- <span class="lw_item_thumb"><a href="/live/profiles/1444-fred-parker" title="Fred Parker" aria-label="Fred Parker"><img src="/live/image/gid/68/width/345/height/225/crop/1/src_region/0,0,2125,3199/2358_Political_People_004.rev.1516296690.JPG" alt="Fred Parker" title="Fred Parker" class="lw_image" width="345" height="225" srcset="/live/image/scale/2x/gid/68/width/345/height/225/crop/1/src_region/0,0,2125,3199/2358_Political_People_004.rev.1516296690.JPG 2x, /live/image/scale/3x/gid/68/width/345/height/225/crop/1/src_region/0,0,2125,3199/2358_Political_People_004.rev.1516296690.JPG 3x" data-max-w="2125" data-max-h="3199"/></a></span><div class="lw_widget_text"><h4 class="lw_profiles_headline"><a href="/live/profiles/1444-fred-parker"><p> Fred Parker serves as the Treasurer of Washington County, Virginia.</p></a></h4><div class="lw_profiles_description"><p> In addition to his E&H degree, he also holds studied at Lincoln Memorial University, East Tennessee State University, and the University of Virginia.</p><p> He has served on a variety of professional boards including the Governor’s Advisory Commission on the Dillon Rule and Local Government, the Virginia Association of Locally Elected Constitutional Officers (serving as president in 2004), Served as president of the Treasurers Association of Virginia, is on the Southwest Virginia Association of Treasurer’s and Clerks, the Treasurer’s Association of VA, Virginia State SNAP Non-Arbitrage Program Advisory Board Since Inception, Southwest Virginia Regional Jail Authority, VA Government Finance Officers Association, VACo Investment Pool, and Washington County Industrial Development Authority.</p><p> He is a member of the Abingdon Rotary Club and a Paul Harris Fellow. He is a former chair of the Washington County Democratic Committee and was a delegate to the Democratic National Convention in 1996.</p><p><br/> His list of awards and involvements is long, as is his passion for serving the community.</p></div><a href="/live/profiles/1444-fred-parker" class="link-with-arrow gold">Keep reading</a></div>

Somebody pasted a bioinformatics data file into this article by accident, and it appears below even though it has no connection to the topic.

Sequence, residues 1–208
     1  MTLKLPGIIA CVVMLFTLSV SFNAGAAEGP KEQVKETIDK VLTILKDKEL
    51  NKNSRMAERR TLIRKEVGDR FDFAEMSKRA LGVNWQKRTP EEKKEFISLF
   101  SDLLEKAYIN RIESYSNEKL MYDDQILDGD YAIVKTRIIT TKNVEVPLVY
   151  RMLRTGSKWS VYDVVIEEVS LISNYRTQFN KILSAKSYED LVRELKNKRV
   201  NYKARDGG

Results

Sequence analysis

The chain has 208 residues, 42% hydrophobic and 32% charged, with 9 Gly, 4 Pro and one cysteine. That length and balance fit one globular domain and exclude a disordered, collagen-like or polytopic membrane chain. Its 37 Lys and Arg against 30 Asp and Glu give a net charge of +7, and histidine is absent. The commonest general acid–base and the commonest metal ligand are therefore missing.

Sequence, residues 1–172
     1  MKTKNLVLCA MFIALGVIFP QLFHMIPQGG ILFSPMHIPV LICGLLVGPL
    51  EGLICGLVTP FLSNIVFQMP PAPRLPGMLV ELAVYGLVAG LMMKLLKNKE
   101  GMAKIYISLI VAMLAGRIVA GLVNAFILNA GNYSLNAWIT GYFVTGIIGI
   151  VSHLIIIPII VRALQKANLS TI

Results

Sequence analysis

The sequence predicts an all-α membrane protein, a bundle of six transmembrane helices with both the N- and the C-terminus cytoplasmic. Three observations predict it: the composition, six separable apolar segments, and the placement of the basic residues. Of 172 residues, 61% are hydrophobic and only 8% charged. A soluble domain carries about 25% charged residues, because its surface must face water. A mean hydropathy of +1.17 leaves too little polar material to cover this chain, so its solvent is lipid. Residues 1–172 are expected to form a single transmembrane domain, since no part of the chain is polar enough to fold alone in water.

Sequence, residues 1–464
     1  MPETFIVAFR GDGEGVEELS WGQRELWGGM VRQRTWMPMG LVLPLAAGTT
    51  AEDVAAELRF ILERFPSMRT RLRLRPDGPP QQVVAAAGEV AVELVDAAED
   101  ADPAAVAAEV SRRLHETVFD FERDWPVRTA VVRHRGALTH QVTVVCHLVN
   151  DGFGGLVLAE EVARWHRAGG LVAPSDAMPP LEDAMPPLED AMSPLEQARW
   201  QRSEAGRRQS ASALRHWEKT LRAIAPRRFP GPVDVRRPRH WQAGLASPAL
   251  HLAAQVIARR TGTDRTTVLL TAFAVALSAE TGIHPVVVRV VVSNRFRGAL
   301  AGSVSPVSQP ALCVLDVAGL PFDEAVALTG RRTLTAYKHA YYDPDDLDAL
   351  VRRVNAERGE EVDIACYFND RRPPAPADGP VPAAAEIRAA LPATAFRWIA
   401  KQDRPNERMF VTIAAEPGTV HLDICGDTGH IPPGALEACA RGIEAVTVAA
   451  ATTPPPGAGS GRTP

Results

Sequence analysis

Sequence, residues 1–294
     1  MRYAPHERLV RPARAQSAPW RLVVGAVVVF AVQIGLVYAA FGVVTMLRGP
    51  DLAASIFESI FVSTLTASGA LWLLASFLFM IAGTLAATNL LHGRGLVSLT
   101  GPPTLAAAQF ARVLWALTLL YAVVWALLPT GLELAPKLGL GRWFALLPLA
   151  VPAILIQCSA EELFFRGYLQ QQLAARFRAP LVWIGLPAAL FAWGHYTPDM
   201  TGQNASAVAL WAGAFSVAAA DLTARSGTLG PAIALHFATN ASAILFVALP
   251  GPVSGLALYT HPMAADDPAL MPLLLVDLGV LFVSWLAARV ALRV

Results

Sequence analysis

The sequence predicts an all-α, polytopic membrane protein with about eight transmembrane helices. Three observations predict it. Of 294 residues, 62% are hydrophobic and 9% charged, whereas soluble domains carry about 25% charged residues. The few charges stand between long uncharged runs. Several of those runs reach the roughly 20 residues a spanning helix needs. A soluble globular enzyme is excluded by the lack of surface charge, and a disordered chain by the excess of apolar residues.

- <span class="lw_item_thumb"><a href="/live/profiles/1744-melvin-dillon" title="Melvin Dillon" aria-label="Melvin Dillon"><img src="/live/image/gid/68/width/345/height/225/crop/1/src_region/346,345,1076,1074/3151_dillon.rev.1518206768.jpg" alt="Melvin Dillon" title="Melvin Dillon" class="lw_image" width="345" height="225" srcset="/live/image/scale/2x/gid/68/width/345/height/225/crop/1/src_region/346,345,1076,1074/3151_dillon.rev.1518206768.jpg 2x, /live/image/scale/3x/gid/68/width/345/height/225/crop/1/src_region/346,345,1076,1074/3151_dillon.rev.1518206768.jpg 3x" data-max-w="1432" data-max-h="1074"/></a></span><div class="lw_widget_text"><h4 class="lw_profiles_headline"><a href="/live/profiles/1744-melvin-dillon"><p> Melvin Dillon is part of the Vinyl Revival</p></a></h4><div class="lw_profiles_description"><p> Melvin Dillon (E&H ’06) is a musician himself, and used to play at venues in the Emory area while a student to make a little extra money. But as he got to know the industry, there were things that bothered him about the business of music. Says Melvin, “Soul Step Records is known because of our unwillingness to do business that serves our bottom line. We do everything in service to our artists. I think that’s why we’ve grown in such a short time.”</p><p> According to the Soul Step Records website, Melvin’s goal was simple; he wanted to give artists the ability to make vinyl records (so that music can be “listened to the way music should be…”). The thing that sets him apart from other music companies is that Soul Step pays all the upfront costs, and then profits are split evenly between the company and the band. “Our number one goal with each release is to have enough to fund another record. I have yet to take a dime from sales; every profit for Soul Step goes back into building up for another release. …Our relationship with our artists is paramount to us.”</p><p> And his good intentions are resulting in good business.</p><p> One of his current artist/clients is starring in <em>Hedwig and the Angry Inch on Broadway</em>, and most of the music he is recording is currently featured in TV and film. Another client is Holy Ghost Tent Revival, and he says getting to know them years ago, and seeing the struggles they had with traditional means of recording, served as much of the inspiration for his company.</p><p> Because he loves the artist aspect of the music business it allows him some great opportunities, including the fact that with each release they do 100 vinyl records in a special color – while the rest of the run is in the traditional black vinyl. One album garnered particularly interesting success with the cover art. “When I was releasing my third album, Matt Duncan’s <em>Soft Times</em> I saw the artwork that was done by Robert Beatty. It was this psych-tarot card freaky artwork. Truly beautiful …After seeing the tarot card artwork - I went to the pressing plant I was using and said I wanted to put a tarot card INSIDE the record. After much trial and error, and even going as far as accidentally setting a pressing machine on fire, we were able to conjure a way to make this happen. The results were stunning and we had mentions from tons of music and vinyl publications. These 100 records we made for that project will pop up on eBay – typically going over a hundred dollars. Crazy.”</p><p> </p><p> Melvin says his time at E&H helped prepare him for a business model that breaks the mold. “The big keyword is service. It’s hard to be a student of Emory and not have service of others instilled into you. The heart of this company is service. I think that Emory helps you understand the value in giving back. Many of my fellow alumni who are in position to do so find some way to give back. It’s something that I’m proud of. I’ve been very fortunate to find a job with a phenomenal company that puts me in the position to do this. I feel that it’s my duty to find a way to give back. I’m happy that Soul Step fills that need.”</p><p> </p><p> Melvin spends only part of his week with Soul Step, and is also a manager for Apple Computer.</p></div><a href="/live/profiles/1744-melvin-dillon" class="link-with-arrow gold">Keep reading</a></div>